Crafts Cataloger Creates Model for Holiday Sales
"Our focus was mainly on the fourth quarter this year due to the great fourth quarter we had last year," said Lisa Hammond, CEO of Femail Creations, Las Vegas. "In the midst of last year's struggling economic times we came in above plan, and during trying times our customers stuck with what they were loyal to. We wanted to capitalize on that in 2002."
Femail Creations dropped a total of 2 million 2002 holiday catalogs in mid-September, mid-October and mid-November. Each 72-page book differed only by the front cover. Femail used the three-drop approach (also with front-cover changes only) from the 2001 holidays. Then each holiday book was 64 pages, and 1.6 million copies dropped.
"We increased the page count in part because there is always so much great merchandise to choose from," she said. "From a circulation standpoint we wanted to give the response rate a boost for the fourth quarter. Our holiday response rate is a full half-percentage point up from last holiday season. And for 2002 overall, our catalog response rate is about 3 percent."
Sixty percent of catalogs went to prospects, the same as for the 2001 holidays.
Femail Creations used a different font to make the 2002 holiday catalog easier to read. It reduced the point size by half a point to make room for larger photographs, including more shots of women using or wearing items.
"It cost us more money and blew our creative budget, but it's been worth it," she said.
The 2002 holiday catalogs had 12 items per spread, down from 12.5 in 2001.
The average order is $90, up from $80 last year. Hammond said she expects the final average order to settle around $84.
"We work to find items you can't find in the mall or anywhere else," she said. "Having exclusive items, which account for 60 to 70 percent of what's in the book, is a big factor in our success."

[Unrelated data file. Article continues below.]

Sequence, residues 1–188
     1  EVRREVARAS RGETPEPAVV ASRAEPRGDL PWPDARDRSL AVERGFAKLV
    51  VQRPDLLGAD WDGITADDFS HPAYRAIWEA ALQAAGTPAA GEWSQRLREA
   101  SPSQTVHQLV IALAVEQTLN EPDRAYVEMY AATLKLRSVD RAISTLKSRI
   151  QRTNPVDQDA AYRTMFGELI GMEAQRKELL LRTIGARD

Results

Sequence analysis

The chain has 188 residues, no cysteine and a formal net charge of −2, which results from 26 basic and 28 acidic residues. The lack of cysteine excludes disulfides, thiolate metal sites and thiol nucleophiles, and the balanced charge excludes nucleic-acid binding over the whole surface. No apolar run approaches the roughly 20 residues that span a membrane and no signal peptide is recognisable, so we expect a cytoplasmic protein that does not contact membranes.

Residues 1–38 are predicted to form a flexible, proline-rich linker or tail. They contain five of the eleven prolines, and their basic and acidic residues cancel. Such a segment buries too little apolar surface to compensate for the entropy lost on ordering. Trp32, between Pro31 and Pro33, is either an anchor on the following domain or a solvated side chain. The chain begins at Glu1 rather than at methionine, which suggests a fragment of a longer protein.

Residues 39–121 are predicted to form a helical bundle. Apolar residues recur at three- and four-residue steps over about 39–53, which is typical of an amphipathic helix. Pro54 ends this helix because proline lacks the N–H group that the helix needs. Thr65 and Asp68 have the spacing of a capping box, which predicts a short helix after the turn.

The average price of items in the catalog is $38, up from $35 a year ago.
"This is, in part, due to the addition of a lot of personalized items that tend to be more expensive," she said. "We limited the increase because of the economy."
But she also said items are more expensive than those offered by many other catalogers and retailers because they are handcrafted and 95 percent are made in the United States.
"Handcrafted work is a category that you don't see much of because the margins aren't there," she said. "I'm paying $30 for a necklace as opposed to $5 for one made in a sweatshop in China. We typically mark up 2 to 2.5 times what was originally paid. It's been quite a process, telling customers why our necklaces are $79 while they can get a comparable one at the mall for $59."
Eighty-five percent of customers this holiday season were female, down from 90 percent in 2001.
"Men are increasingly figuring out that women don't want blenders," she said. "I get a lot of e-mails from men who say their wives, girlfriends, moms and sisters say they are a genius after shopping from our catalog."
Customers live in households with average annual incomes of about $75,000.
Thirty-five percent of orders came online during the holiday season, up from 29 percent last year.